Does Pepsi continue to use potentially carcinogenic artificial caramel?

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Carlos Laforet Coll
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Pepsi, carcinogenic caramel. Carbonated soft drinks can contain carcinogenic substances. Artificial caramel, one of the most used dyes in food and drinks, is being accused. Consumer Reports took care of the topic in the United States. Now sodas like Pepsi would be outlawed in California due to their artificial caramel content exceeding the statutory regulations established in 2012.



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Le sodas can contain carcinogenic substances. Still under accusation the artificial caramel, one of the most used dyes in food and drinks. Consumer Reports took care of the topic in the United States. Now drinks like the Pepsi they might turn out outlaw in California due to their artificial caramel content higher than the legal standards established in 2012.

According to Consumer Reports, some types of artificial caramel, used to impart the brown color to beverages and foods, contain potentially carcinogenic substances, as the 4-methylimidazole (4-Mel). In California, any food or drink that exposes consumers to more than 4 micrograms of 4-Mel per day should be accompanied by a label that indicate the health risks.

During testing conducted by Consumer Reports, each of the beverage samples Pepsi One e Malt Goya contained more than 29 micrograms of 4-Mel per bottle or per can. At the moment Consumer Reports cannot confirm with certainty that the two drinks are outlawed in California, but the investigation should lead to more thorough checks by the California Attorney General.

READ also: - Coca Cola and Pepsi: really carcinogenic dye?

According to Consumer Reports, caramel is the most used food coloring in the world. In the opinion of experts, there are no compelling reasons to allow consumers to be exposed to carcinogenic substances in food, as there are some harmless alternatives to 4-Mel. Yet this type of artificial caramel continues to be used.

In 2011 l 'International Agency for Research on Cancer determined that 4-Mel dye represents a possible carcinogen for humans. There is no federal limit for this substance in the United States, but California in 2012 required companies to label the products at risk, due to an excessive presence of artificial caramel.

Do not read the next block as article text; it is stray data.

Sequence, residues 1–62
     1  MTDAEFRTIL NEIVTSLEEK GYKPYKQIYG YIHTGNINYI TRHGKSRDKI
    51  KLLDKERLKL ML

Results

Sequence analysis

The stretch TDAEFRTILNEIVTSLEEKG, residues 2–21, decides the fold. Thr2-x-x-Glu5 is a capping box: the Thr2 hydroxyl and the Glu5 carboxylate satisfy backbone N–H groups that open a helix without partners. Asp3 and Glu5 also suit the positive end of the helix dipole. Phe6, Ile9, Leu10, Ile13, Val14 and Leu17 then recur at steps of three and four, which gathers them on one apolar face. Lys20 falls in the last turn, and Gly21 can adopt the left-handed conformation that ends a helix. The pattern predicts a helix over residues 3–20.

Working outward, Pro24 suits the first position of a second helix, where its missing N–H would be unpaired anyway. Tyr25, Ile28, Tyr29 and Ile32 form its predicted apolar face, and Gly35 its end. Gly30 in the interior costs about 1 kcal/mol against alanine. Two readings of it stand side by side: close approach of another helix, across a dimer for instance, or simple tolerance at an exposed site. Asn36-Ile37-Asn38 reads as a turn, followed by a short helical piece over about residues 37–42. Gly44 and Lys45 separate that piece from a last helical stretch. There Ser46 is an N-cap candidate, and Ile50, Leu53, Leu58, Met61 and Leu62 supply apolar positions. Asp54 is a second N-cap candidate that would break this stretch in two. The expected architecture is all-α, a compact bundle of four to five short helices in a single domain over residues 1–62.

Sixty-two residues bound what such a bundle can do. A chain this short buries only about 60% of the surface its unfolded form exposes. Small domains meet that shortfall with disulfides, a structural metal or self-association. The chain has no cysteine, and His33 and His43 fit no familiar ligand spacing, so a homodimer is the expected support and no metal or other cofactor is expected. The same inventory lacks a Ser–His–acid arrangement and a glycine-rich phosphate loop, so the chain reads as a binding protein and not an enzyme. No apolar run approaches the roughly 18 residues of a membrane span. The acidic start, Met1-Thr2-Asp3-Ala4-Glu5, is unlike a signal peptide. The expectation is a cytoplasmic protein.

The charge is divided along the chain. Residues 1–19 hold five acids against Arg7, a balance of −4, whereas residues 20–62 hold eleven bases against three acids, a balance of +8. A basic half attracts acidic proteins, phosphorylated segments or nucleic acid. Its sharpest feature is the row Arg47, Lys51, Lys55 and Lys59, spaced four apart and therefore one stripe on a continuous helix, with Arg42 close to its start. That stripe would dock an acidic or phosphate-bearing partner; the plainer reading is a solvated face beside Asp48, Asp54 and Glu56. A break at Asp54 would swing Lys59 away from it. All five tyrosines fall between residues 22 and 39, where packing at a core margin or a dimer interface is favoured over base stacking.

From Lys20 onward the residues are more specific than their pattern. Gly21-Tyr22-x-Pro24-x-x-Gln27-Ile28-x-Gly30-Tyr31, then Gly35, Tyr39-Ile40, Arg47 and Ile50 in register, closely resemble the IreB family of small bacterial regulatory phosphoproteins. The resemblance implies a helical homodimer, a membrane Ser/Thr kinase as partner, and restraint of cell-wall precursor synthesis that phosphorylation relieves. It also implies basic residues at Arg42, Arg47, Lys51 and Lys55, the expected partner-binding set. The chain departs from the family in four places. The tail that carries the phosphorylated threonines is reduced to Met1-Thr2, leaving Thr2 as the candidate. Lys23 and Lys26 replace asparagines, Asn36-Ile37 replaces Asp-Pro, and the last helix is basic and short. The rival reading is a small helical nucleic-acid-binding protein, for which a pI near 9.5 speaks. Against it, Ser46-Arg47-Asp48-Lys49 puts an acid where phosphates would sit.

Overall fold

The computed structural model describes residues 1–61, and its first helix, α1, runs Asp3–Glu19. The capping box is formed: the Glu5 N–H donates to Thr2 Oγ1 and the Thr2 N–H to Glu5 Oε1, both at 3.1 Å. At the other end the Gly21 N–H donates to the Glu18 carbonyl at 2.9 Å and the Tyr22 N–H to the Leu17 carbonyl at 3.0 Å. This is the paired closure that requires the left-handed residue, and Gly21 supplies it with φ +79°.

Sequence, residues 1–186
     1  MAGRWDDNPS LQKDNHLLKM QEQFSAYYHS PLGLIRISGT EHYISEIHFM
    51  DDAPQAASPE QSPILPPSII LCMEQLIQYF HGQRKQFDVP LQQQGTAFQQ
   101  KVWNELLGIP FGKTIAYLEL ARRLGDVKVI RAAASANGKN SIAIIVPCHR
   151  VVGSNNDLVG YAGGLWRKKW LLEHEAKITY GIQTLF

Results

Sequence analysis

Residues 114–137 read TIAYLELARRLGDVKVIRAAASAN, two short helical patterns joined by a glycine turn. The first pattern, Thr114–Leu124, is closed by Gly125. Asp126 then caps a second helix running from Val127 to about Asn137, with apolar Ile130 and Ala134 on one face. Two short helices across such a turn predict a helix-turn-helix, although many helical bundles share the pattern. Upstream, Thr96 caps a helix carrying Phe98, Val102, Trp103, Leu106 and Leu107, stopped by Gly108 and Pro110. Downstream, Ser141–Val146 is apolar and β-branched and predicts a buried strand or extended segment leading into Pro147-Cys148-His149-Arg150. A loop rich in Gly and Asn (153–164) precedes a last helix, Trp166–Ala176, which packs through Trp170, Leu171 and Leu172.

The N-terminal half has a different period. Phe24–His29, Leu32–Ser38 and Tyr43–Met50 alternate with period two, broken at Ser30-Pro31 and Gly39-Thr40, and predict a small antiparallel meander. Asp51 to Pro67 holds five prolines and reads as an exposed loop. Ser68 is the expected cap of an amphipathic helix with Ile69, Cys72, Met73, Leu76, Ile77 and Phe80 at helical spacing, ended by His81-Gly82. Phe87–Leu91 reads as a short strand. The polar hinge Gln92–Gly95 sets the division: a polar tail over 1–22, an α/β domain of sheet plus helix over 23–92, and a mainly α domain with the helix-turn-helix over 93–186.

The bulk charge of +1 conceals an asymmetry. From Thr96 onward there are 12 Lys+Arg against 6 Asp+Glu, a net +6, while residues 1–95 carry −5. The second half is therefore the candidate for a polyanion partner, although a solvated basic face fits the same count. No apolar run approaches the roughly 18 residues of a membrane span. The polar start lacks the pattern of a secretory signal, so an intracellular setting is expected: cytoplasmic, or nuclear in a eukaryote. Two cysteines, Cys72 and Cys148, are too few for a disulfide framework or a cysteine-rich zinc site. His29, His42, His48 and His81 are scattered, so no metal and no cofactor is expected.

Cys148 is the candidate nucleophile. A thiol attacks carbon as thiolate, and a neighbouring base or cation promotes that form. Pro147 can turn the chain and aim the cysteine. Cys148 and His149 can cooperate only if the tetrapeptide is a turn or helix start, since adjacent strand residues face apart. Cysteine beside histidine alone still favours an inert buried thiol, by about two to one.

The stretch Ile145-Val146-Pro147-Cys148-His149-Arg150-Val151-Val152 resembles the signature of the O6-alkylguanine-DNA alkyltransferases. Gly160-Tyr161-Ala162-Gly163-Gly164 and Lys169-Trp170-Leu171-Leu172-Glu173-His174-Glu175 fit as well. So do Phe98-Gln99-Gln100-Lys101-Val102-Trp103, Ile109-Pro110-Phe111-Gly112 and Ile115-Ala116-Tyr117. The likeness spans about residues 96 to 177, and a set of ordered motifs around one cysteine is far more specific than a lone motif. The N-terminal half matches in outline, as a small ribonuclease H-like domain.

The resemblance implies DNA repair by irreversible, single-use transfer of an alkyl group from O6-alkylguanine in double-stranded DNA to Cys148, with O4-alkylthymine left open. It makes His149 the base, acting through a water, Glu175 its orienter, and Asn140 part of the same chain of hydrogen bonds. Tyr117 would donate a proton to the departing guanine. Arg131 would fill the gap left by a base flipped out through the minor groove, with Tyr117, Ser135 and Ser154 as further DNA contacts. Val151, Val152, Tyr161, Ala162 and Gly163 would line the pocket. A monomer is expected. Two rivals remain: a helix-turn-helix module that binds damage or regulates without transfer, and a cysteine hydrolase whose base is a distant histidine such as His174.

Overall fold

Consumer Reports experts have revealed that more than 29 micrograms of 4-Mel may be present in a single can or bottle, and they point out that even products containing half that amount should be considered unsafe, as any person could drink it. two cans a day. In their opinion, to reduce health risks, every can of carbonated soft drink it should not contain more than 3 micrograms of the substance.

Asked Consumer Reports PepsiCo she replied that she has already set to work for reformulate your products, starting with the entry into force of the caramel regulations in California. The new drinks should arrive on the US market as early as this month.

And for the old cans of Pepsi One still on the market? PepsiCo stated that it is not necessary affix labels to cans and bottles of the accused soft drink that indicate it as carcinogenic and dangerous to health as consumers would not drink more than 100 milliliters of Pepsi per day. Less than a glass of Pepsi a day then? Hard to believe.

PepsiCo hides behind possibly incorrect data to prevent its products from being identified as dangerous. And as for food products, the multinational is already planning a change of label. PepsiCo in the US owns Quaker, a brand of breakfast cereal. Quaker products will soon change their names. From the term "natural" we will move on to “simply”. The products, from "natural", will become "simple", to avoid accusations and consumer lawsuits for using a misleading term to identify as beneficial what is not actually beneficial.


Consumer Reports required carbonated soft drink companies to accurately indicate the type of caramel used as a colorant, to allow consumers to understand whether it is natural caramel or 4-Mel. In fact, companies can simply put the term on the label "Caramel", without specifying whether the product is of natural or artificial origin. Companies would have the possibility of replacing 4-Mel with other types of artificial caramel that are not dangerous to health. Now the official opinion of thefda, which up to now has not included 4-Mel among the potentially carcinogenic substances.


Marta Albè

Source and photo: consumerreports.com

Read also:

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